Certainly, if I am missing something, I’d like to know about it. But before you write and tell me, “if your tax bracket is 25 percent, then the Feds take 25 percent of your income,” do your homework. No, they don’t. We have a progressive and graduated tax system in the U.S., not a flat or regressive one.

Again, I’m not arguing for Cain’s plan. I am arguing against it, but I am open to it if some slight changes are made. I worry about Congress’s ability to take it and say, “great plan. Let’s make it 11-11-11 or 15-15-15…” or whatever. I think it could work if for no other reason than it is transparent. Transparency is vital–don’t believe me? See Barack Obama’s healthcare plan. Done in the dark, people. Agree or disagree with it–it wasn’t done in public and out in the open as the President promised. Result? No one likes it because it was drawn up by politicians and they don’t have to live it.

OK. Enough. Onward to sleep. Perchance to dream.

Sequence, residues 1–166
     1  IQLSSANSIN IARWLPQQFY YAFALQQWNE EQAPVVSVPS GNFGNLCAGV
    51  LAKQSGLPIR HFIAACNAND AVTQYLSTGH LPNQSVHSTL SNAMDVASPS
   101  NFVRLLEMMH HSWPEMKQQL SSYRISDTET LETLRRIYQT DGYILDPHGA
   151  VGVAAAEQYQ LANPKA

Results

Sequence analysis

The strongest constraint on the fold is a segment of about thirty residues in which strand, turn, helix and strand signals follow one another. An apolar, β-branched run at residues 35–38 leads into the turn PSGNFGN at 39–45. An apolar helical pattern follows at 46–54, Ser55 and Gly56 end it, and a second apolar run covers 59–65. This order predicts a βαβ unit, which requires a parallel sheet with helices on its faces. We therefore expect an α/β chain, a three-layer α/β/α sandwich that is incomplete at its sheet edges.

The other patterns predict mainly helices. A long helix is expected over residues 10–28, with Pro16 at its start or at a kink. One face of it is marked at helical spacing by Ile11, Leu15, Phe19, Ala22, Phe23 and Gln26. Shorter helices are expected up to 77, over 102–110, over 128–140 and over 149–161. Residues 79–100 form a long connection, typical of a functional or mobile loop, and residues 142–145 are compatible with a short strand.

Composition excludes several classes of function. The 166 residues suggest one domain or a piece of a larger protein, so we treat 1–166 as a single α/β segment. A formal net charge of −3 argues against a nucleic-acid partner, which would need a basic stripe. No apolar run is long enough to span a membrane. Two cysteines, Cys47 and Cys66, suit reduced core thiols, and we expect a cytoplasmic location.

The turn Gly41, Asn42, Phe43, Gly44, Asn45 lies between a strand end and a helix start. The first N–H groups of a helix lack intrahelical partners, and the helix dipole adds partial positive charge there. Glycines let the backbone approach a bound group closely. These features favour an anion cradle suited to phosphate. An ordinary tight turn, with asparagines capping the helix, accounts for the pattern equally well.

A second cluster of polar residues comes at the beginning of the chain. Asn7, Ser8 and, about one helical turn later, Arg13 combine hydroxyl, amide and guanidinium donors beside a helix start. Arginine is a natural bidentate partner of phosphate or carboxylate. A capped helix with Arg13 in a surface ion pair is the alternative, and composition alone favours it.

Hot Soup

Hot. Friggin’ hot. Super hot. Africa hot. It was 98 degrees in Camarillo. Yes, I know for my AZ readers, you scoff. “98 you say? Why, I could wear a sweater when it’s 98…” Yeah, I know. But we delicate Californians with our taxes and our bankruptcy and our whackos aren’t used to it. Well, except when we are.

Happens every year, this weather does. Call it Indian Summer, except that it lasts a while longer. Off and on, it can hit any time of year though rarely does it actually occur in the summer. My friend Tom Sheaffer is fond of saying, in July out here on the coast, you need a jacket. In December, you don’t. Some truth to that, sometimes. Except when there’s not.